Fourteen-year-old Jack is a loner who knows little about his family—except that they’re all cold-hearted jerks. When his parents send him to live at his grandmother’s rooming house, life looks to be taking a turn for the better, until he discovers that nothing at Glastonbury Manor is what it appears. Jack’s hopes of being left alone, and enjoying his last summer before high school, are soon dashed.
Strange events and even stranger residents only add to a long list of unanswered questions. His grandmother isn’t a kindly old lady who bakes cookies, and her freakishly strong housekeeper never says a word. Jack’s fellow boarders are Ivy, a surly girl who knows nothing about modern technology, and Mr. Ryan, a soft-spoken ex-soldier with a remarkable number of scars. They're the ‘normal’ people.
Jack gave up asking questions about the weird in his life a long time ago, but too much surrounds him at Glastonbury Manor to ignore. Things—he thought only existed in fairy tales—begin to seem possible. Jack tells his story without realizing that it’s just a piece of a far greater legend, that some doors shouldn’t be opened, and that sometimes… there are good reasons to stay out of a dark forest.
After the way his summer ended, Jack doesn’t know what to think.
His grandmother isn’t answering any questions, and the silent Ms. Mopat still hasn’t said a word.
Jack goes to school, and pretends he’s a regular teenager, but he can’t help worrying, and wondering, about the things he’s seen.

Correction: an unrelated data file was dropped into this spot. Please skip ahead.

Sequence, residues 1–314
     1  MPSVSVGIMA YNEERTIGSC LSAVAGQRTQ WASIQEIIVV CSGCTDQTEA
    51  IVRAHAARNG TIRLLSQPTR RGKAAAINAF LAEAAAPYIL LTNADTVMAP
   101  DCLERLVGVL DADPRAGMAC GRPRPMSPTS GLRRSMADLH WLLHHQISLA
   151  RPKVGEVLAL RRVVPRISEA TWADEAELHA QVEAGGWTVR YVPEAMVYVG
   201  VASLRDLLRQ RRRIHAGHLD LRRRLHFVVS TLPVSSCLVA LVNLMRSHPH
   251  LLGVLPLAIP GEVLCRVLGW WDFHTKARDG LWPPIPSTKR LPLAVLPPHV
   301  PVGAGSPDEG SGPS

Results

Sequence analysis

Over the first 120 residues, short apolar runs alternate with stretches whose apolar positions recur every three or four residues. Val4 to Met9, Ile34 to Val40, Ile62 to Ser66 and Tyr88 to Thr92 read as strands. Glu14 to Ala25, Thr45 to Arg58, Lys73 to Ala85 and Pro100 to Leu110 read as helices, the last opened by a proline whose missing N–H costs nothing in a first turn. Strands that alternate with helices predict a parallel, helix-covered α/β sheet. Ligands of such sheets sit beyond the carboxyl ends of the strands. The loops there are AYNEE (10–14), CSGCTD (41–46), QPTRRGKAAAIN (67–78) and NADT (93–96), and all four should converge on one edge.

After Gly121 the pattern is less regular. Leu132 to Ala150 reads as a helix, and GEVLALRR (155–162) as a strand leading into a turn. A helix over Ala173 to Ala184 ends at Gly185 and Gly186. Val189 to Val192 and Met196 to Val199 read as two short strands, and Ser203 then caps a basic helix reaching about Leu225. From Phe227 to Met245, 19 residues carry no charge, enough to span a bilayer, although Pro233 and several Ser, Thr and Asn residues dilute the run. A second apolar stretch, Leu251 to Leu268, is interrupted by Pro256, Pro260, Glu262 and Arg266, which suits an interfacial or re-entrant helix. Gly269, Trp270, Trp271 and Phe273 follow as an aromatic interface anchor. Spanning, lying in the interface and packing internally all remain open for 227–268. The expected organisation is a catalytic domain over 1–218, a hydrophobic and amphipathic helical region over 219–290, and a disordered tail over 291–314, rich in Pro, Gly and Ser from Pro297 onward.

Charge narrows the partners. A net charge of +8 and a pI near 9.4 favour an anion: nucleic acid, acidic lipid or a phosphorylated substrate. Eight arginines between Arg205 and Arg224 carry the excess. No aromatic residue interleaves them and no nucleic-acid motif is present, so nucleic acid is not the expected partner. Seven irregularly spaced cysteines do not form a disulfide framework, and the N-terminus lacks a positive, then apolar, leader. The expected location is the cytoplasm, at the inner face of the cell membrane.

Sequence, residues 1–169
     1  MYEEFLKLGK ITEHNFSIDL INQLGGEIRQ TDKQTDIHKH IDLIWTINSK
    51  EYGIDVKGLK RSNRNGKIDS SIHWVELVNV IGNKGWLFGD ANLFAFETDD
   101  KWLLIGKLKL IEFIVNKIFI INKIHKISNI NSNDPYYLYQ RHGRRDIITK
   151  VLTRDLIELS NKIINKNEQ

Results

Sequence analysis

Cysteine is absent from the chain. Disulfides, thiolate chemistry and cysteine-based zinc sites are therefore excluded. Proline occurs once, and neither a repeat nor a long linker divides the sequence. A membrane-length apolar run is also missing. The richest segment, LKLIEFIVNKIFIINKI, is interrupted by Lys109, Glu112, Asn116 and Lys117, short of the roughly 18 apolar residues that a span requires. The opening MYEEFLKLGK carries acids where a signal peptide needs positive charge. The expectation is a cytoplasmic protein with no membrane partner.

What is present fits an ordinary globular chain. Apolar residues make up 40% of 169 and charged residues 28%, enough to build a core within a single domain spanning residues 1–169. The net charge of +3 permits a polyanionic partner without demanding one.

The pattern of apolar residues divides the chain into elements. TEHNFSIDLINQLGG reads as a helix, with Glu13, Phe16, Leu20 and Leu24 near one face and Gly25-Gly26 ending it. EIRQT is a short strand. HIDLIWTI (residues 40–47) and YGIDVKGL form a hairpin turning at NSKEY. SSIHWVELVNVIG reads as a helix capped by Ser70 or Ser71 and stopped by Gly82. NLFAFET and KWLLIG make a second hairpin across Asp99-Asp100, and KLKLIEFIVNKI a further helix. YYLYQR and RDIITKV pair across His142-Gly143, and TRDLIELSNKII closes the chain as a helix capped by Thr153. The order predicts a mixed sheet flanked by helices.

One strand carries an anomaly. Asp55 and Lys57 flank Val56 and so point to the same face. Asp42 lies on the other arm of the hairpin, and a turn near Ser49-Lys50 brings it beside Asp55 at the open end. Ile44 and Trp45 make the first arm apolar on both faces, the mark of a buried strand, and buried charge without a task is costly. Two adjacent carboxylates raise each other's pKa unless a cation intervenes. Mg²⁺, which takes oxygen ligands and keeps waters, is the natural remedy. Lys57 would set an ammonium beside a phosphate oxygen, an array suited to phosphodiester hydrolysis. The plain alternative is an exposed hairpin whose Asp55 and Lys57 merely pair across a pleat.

Jack’s scars won’t let him forget, but he’s left with no choice, except to wait for summer... when Mr. Ryan and Ivy are supposed to return.
Jack finds himself at the heart of a legend he could never have imagined.
The answers he has, only lead to new questions.
People—he’s never heard of—want him dead.
Jack also promised to help Mr. Ryan get home, and he still has no idea who his grandmother really is.
Ms. Mopat isn’t talking.
Of course, he has years to figure it all out.
There should be plenty of time…
Fourteen-year-old Jack is a loner who knows little about his family—except that they’re all cold-hearted jerks. When his parents send him to live at his grandmother’s rooming house, life looks to be taking a turn for the better, but he discovers that nothing at Glastonbury Manor is what it appears. Jack’s hopes of being left alone, and enjoying his last summer before high school, are soon dashed. Strange events and even stranger residents only add to a long list of unanswered questions.
By the time Jack learns that his assumptions about his family, and pretty much everything else, were wrong—he’s in too deep to back out. People he’s never heard of want him dead, a lot of things he didn’t believe in are terrifyingly real, and he seems fated to continue an ancient quest—whether he wants to or not.
Jack tells his story without realising it’s just a piece of a far greater legend, and that sometimes… there are good reasons to stay out of a dark forest.
Jack’s growing up, his body is changing, and he’s living alone with the girl of his dreams.
They have a whole island to themselves (more or less), and Jack knows all about Ms. Mopat, his grandmother, and Glastonbury Manor.
Unfortunately, he learned those secrets during his final weeks there and now has new mysteries to unravel.
Jack may be well-travelled for a boy his age, but little of what he’s learned in his sixteen years will help him… on Knight’s Haven.
Book 5 - The Library of Anukdun
June 27 2017
Jack and Ivy must travel halfway across the world to speak with the one person who knows how to end Mr. Ryan’s banishment.
Both plan to keep their promise to bring him home.
Jack has cut ties to Knight’s Haven, but knows he will never truly be free of the island.
Ivy… keeps her own secrets.
Together, they will brave deadly perils to uncover the truths locked deep beneath Anukdun.